The Associated Press and other news outlets have asked the judge in the Bill Cosby case to make public the names of the jurors who found him guilty of drugging and molesting a woman in 2004. The request was filed Friday, a day after a suburban Philadelphia jury reached its decision on the second day of deliberations. The judge has not spelled out why the names have not yet been released.
Cosby is free on $1 million bail. His attorney plans to appeal. No sentencing date has been set.
The Associated Press reports Temple University, where Bill Cosby long served as a leading public face and key fundraiser, said Friday it will rescind the honorary doctorate it awarded to the comedian in 1991 because he was convicted of sexually assaulting a former employee.
The Philadelphia university said its board of trustees accepted a recommendation Friday to rescind the degree, citing Thursday's jury verdict finding him guilty of drugging and molesting a woman who managed the school's women's basketball team in 2004.
The judge ruled that Cosby will remain free pending sentencing.
A jury concluded that Cosby sexually violated Temple University employee Andrea Constand at his suburban Philadelphia home in 2004. He claimed the encounter was consensual.
The verdict came after a two-week retrial in which prosecutors put five other women on the stand who testified that Cosby, married for 54 years, drugged and violated them, too. One of those women asked him through her tears, "You remember, don't you, Mr. Cosby?"
The panel of seven men and five women reached a verdict after deliberating 14 hours over two days, vindicating prosecutors' decision to retry Cosby after his first trial ended with a hung jury less than a year ago.
Constand, 45, a former Temple women's basketball administrator, told jurors that Cosby knocked her out with three blue pills he called "your friends" and then penetrated her with his fingers as she lay immobilized, unable to resist or say no.
It was the only criminal case to arise from a barrage of allegations from more than 60 women who said the former TV star drugged and molested them over a span of five decades.
"The time for the defendant to escape justice is over," prosecutor Stewart Ryan said in his closing argument. "It's finally time for the defendant to dine on the banquet of his own consequences."
Another prosecutor, Kristen Feden, said Cosby was "nothing like the image that he played on TV" as sweater-wearing, wisdom-dispensing father of five Dr. Cliff Huxtable on "The Cosby Show."
Cosby's retrial took place against the backdrop of #MeToo, the movement against sexual misconduct that has taken down powerful men in rapid succession, among them Harvey Weinstein, Matt Lauer, Kevin Spacey and Sen. Al Franken.
The jurors all indicated they were aware of #MeToo but said before the trial they could remain impartial. Cosby's lawyers slammed #MeToo, calling Cosby its victim and likening it to a witch hunt or a lynching.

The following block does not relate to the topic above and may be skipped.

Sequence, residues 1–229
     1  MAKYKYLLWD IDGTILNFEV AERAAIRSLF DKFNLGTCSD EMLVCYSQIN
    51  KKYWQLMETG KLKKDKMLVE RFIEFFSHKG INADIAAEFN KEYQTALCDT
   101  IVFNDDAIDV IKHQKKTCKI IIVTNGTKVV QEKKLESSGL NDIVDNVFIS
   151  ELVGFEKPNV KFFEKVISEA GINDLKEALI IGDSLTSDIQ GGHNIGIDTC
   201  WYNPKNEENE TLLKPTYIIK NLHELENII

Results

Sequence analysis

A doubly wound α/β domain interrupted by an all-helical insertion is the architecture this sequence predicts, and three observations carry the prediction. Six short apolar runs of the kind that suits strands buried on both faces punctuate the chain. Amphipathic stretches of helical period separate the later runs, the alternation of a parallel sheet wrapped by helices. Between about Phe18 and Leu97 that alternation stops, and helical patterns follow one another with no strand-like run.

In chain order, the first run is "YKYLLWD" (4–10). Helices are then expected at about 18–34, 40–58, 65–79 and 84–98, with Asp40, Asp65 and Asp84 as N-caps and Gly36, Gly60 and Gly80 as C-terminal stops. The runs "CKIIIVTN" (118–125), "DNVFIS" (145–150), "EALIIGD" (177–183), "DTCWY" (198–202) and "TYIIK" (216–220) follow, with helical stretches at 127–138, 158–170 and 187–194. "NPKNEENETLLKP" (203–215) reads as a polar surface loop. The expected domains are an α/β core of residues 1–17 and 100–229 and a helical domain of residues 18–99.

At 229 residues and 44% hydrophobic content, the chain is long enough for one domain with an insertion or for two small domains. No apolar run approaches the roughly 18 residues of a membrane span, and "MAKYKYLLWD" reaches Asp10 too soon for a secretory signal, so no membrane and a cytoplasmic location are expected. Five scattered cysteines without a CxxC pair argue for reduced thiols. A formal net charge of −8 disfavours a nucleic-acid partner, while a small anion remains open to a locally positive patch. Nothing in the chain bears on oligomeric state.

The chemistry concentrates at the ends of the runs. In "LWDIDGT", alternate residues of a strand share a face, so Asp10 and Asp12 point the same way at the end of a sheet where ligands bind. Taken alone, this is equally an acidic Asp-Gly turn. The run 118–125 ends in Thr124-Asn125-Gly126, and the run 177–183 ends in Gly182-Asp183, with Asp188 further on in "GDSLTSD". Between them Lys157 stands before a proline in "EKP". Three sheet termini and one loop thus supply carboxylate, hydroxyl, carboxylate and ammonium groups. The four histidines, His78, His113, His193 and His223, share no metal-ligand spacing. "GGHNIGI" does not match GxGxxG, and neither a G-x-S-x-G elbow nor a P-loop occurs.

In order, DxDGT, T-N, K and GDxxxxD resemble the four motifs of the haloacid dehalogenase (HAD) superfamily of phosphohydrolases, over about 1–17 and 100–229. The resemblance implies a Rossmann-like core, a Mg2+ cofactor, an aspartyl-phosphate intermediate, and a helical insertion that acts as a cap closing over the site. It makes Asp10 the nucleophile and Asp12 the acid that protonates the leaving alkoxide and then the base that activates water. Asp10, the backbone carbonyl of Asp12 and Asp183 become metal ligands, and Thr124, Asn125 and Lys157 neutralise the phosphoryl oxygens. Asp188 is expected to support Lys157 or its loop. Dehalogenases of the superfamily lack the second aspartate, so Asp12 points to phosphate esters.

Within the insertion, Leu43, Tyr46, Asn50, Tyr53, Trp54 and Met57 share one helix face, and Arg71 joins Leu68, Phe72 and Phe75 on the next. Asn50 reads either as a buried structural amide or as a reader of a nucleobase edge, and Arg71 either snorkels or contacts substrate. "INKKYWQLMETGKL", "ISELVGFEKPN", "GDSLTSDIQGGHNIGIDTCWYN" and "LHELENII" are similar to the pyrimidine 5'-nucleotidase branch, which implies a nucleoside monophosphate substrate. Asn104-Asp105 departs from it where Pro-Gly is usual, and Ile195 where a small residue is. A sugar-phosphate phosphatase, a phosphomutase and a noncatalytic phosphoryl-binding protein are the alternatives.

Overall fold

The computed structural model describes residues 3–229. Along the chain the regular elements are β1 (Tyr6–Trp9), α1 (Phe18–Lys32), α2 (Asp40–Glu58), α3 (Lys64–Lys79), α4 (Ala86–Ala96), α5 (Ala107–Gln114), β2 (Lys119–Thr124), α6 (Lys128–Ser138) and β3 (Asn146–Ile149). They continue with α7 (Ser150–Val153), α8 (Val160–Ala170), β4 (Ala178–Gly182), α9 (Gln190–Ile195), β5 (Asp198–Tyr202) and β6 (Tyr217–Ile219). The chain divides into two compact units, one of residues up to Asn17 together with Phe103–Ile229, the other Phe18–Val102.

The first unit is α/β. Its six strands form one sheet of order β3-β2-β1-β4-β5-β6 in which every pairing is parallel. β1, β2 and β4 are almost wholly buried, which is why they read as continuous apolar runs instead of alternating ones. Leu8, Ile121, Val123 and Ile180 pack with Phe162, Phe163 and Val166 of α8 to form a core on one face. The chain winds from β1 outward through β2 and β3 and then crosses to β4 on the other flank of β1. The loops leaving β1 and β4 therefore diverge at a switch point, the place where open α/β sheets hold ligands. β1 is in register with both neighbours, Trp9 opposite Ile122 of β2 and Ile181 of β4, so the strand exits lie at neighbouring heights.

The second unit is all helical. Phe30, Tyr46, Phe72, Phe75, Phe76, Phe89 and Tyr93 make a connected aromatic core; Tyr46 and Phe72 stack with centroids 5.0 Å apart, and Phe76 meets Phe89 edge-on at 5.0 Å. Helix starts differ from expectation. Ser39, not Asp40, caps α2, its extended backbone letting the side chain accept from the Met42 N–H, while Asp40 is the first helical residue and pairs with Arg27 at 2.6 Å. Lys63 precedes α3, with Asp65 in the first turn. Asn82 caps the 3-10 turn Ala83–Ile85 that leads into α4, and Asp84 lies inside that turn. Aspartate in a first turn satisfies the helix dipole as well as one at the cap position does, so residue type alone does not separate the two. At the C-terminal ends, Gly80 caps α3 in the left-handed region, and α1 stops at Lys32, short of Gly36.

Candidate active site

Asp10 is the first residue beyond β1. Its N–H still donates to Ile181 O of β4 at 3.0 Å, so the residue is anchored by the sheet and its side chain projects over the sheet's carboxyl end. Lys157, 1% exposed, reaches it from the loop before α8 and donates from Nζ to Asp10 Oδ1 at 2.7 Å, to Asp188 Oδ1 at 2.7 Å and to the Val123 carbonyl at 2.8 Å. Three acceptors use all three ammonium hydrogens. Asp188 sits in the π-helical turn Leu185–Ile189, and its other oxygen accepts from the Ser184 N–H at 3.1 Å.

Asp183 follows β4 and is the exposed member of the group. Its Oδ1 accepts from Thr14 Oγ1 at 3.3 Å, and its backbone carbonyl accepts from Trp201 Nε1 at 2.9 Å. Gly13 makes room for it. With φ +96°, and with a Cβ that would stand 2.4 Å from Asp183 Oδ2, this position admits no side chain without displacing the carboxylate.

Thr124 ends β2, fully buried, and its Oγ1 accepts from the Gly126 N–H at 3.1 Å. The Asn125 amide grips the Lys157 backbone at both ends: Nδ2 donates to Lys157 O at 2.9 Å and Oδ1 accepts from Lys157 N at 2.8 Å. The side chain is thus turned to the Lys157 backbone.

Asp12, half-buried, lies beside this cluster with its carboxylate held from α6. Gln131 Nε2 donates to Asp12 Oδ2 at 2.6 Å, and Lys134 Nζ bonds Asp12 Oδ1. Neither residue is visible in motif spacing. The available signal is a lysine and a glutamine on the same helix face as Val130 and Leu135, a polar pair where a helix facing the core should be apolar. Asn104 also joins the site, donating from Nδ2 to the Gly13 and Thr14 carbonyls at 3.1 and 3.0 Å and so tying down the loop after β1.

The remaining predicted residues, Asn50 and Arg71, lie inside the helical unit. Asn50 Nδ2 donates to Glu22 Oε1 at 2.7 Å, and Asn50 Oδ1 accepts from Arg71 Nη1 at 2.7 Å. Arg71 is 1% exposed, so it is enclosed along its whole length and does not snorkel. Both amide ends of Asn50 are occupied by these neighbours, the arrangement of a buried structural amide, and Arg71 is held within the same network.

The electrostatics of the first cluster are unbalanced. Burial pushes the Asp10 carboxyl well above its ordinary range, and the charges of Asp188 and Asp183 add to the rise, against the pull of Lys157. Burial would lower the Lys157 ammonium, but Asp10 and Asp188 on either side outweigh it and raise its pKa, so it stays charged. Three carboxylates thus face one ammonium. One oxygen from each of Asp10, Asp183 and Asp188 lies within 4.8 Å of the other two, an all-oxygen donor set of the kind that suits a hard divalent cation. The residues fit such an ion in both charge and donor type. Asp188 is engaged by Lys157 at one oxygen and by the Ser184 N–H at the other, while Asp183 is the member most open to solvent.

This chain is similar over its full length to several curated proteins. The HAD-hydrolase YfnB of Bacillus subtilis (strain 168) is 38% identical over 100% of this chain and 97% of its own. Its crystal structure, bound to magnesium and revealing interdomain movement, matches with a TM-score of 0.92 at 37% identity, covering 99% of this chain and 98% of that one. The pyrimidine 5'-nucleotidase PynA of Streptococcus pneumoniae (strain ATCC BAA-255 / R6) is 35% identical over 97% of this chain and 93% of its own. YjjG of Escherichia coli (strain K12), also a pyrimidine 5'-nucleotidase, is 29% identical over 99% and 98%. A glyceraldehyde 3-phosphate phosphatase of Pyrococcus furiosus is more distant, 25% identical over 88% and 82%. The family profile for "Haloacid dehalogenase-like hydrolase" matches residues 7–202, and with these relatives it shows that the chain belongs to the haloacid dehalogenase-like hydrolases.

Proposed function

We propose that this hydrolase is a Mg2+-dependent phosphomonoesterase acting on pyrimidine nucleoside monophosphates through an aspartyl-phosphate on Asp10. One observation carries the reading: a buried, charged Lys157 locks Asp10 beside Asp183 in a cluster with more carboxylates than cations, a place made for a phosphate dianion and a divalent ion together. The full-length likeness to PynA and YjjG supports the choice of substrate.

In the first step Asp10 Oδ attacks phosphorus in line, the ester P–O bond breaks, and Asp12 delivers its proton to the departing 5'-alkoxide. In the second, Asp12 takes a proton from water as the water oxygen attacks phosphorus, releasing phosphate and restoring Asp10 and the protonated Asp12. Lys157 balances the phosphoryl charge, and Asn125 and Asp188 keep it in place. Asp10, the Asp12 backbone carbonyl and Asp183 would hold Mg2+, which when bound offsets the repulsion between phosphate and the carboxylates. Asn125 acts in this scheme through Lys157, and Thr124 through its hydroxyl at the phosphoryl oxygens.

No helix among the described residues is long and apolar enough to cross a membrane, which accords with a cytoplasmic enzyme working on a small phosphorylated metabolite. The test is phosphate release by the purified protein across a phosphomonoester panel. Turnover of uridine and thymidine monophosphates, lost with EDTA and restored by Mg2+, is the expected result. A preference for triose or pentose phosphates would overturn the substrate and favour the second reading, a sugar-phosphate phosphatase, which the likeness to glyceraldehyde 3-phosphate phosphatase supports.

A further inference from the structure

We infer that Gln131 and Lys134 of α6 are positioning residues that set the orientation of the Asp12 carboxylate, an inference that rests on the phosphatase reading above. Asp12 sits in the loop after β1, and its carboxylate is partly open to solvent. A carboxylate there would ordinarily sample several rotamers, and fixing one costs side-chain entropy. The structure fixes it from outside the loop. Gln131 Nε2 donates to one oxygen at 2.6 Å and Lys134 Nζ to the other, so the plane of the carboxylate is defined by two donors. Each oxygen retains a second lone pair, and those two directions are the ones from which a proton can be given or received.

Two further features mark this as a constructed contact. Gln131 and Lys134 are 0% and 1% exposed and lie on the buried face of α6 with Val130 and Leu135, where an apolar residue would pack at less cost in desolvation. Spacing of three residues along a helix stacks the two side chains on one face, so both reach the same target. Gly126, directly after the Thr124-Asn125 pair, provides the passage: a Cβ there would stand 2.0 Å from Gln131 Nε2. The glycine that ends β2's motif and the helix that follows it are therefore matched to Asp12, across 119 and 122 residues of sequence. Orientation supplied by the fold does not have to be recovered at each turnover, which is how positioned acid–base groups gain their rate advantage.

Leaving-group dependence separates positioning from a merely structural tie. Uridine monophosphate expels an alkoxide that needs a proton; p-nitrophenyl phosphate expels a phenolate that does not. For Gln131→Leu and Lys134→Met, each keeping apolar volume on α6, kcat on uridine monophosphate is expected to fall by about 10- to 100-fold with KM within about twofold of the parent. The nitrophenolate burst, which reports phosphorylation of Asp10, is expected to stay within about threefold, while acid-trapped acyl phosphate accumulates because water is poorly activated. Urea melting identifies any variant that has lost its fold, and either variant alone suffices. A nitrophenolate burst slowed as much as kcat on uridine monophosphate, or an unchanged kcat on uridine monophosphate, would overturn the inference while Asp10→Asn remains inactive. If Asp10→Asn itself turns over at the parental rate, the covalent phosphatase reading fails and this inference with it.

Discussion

After failing to win a conviction last year, prosecutors had more courtroom weapons at their disposal for the retrial. The other accusers' testimony helped move the case beyond a he-said, she-said, allowing prosecutors to argue that Cosby was a menace to women long before he met Constand. Only one other accuser was permitted to testify at Cosby's first trial.
Cosby's new defense team, led by Michael Jackson lawyer Tom Mesereau, launched a highly aggressive attack on Constand and the other women.
Their star witness, a longtime Temple employee, testified that Constand once spoke of setting up a prominent person and suing. Constand sued Cosby after prosecutors initially declined to file charges, settling with him for nearly $3.4 million over a decade ago.
"You're dealing with a pathological liar," Mesereau told the jury.
His colleague on the defense team, Katheen Bliss, derided the other accusers as home-wreckers and suggested they made up their stories in a bid for money and fame.
But Cosby himself had long ago confirmed sordid revelations about drugs and extramarital sex.
In a deposition he gave over a decade ago as part of Constand's lawsuit, Cosby acknowledged he had obtained quaaludes to give to women he wanted to have sex with, "the same as a person would say, 'Have a drink.'" The sedative was a popular party drug before the U.S. banned it more than 30 years ago.
Cosby also acknowledged giving pills to Constand before their sexual encounter. But he identified them as the over-the-counter cold and allergy medicine Benadryl and insisted they were meant to help her relax.
It was Cosby's reputation as a public moralist that prompted a federal judge, acting in response to a request from The Associated Press, to unseal portions of the deposition.
Its release helped destroy the "Cosby Show" star's career and good-guy image. It also prompted authorities to reopen the criminal investigation, and he was charged in late 2015.
The Associated Press does not typically identify people who say they are victims of sexual assault unless they grant permission. Constand has done so.